• July 2022; Mike Grisby, IT Director for the city, left the city. The city has not said what the details of his departure were but if you go to Mike’s Linkedin page you will see he is back in Kansas City where he came from and has NO mention of his city employment. Interestingly enough, Grisby did this interview in March of 2022 just a few months before leaving where he talks about the integration of different departments into IT. It’s not a bad concept (considering the administration did just that after he left).

I mention this timeline because in less then a year, since the departure of Grisby there has been major shakeups in leadership.

Grisby is one of the few directors that came to Sioux Falls with little attachment and it is NO surprise he is back in Kansas City. In other words, he had no dog in the fight and nothing grounding him here. I think his sudden departure from the city with NO explanation is where the dominoes started to fall, and I don’t think the last one has dropped yet.

Of course I am speculating, but it is pretty obvious to those looking from the outside that the administration has been circling the wagons over the past year but WHY?

UPDATE II: Comments on the Riverline District are ‘Hot & Cold’

This was the analogy Mayor TenHaken gave at the State of the City address when a public event was suddenly hi-jacked by people who want to make a lot of cashola on the Riverline District.

To Poops credit he did make some admissions such as the difficulty of building housing in the area (he said people were not suggesting housing, even though I read most of the comments when the survey was live and there were many housing suggestions). He also brought up the natural springs in the area (without mentioning that building on top of them with permanent structures would be difficult). But where I had to giggle a bit was when Paul suggested that the comments about building a baseball stadium in the area were ‘Hot & Cold’.

Before we get to his lipstick job he applied to this very ugly pig, what made it even more amusing is Paul’s seemingly lack of gravitas when trying to sell the public on this. I read most of the comments, to say they were hot or cold isn’t untrue, but about 90% or more were pretty damn cold on the stadium idea.

UPDATE: I find the actual survey results in major conflict with the comments I read.

Over a year ago a citizen involved with community and neighborhood planning told me about a closed survey they sent out to a specific group. The link provided accidentally got shared with others and someone who wanted to see different results decided to have a little fun. The survey was filled out by the same IP address over 100 times. My point is, surveys can be fudged and are NOT scientific. I have yet to run into one single person who wants to see a new stadium built downtown.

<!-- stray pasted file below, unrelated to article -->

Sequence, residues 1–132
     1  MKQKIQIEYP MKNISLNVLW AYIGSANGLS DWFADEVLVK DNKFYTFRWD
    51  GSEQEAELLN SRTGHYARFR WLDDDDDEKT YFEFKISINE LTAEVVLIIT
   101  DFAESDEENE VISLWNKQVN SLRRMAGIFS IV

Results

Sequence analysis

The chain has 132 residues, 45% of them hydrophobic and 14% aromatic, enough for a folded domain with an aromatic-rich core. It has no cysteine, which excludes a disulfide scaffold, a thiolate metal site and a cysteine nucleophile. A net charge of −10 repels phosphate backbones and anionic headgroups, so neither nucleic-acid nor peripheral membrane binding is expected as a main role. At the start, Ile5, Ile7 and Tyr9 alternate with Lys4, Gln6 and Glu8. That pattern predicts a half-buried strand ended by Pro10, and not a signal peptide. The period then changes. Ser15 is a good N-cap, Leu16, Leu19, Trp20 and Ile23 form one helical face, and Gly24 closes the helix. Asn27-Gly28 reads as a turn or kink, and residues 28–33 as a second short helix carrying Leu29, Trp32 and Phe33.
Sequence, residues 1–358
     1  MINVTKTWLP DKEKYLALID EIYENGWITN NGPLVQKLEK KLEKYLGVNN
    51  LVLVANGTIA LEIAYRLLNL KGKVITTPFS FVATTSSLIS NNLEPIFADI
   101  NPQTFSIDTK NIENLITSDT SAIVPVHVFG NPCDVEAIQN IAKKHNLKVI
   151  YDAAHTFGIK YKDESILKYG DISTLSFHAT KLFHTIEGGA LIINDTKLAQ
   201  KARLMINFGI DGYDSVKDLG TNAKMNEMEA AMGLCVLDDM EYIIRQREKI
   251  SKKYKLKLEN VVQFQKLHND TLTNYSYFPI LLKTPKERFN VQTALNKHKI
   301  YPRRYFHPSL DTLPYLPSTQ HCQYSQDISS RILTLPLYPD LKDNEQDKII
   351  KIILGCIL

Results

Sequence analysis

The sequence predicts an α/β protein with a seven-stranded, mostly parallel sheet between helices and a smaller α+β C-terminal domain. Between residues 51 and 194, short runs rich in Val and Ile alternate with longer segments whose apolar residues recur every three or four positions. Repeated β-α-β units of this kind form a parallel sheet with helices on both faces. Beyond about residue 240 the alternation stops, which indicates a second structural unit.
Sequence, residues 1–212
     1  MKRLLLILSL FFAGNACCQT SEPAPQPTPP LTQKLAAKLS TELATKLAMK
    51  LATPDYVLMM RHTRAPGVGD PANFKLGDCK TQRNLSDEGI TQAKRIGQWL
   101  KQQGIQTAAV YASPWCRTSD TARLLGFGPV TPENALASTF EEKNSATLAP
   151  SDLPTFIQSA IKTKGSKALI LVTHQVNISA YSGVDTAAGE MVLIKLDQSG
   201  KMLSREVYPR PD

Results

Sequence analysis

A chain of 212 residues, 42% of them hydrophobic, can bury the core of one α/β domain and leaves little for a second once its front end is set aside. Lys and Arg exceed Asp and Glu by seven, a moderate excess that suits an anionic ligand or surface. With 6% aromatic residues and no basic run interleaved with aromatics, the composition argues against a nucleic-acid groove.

There will be a privately funded economic impact study done soon and hopefully have results in July. Unfortunately this $200K private study will be funded by 20 private banking firms in South Dakota. What’s that saying about thumbs and scales?

Personally I think this would be a fantastic spot for a multi-story convention center with a green space attached that could be used for conventions. The obvious problem with this scenario is we already have a convention center and this would probably be a $100 million dollar project (funded by taxpayers). We could repurpose the current convention center as a rec center, but once again, where will the money come from?

I am all for the Riverline District, but I think the private investors and banksters can manage this all by their lonesome and if the city needs to put in a yield sign or a swing set, we can assist.

Poops says he doesn’t like the term legacy but pretty much wanted to make the Riverline Project his legacy. He may get it, and he may not like the results (think buckled siding, failed HVACs and Bunker Ramps).

I can almost guarantee if there is a proposal passed by the city council to bond for a multi-million dollar rec center or stadium, the signatures WILL be collected and it WILL go to a public vote which will need a 60% threshold to pass muster.

I guess the proposed pool bonds are rumored to be at or above $70 million.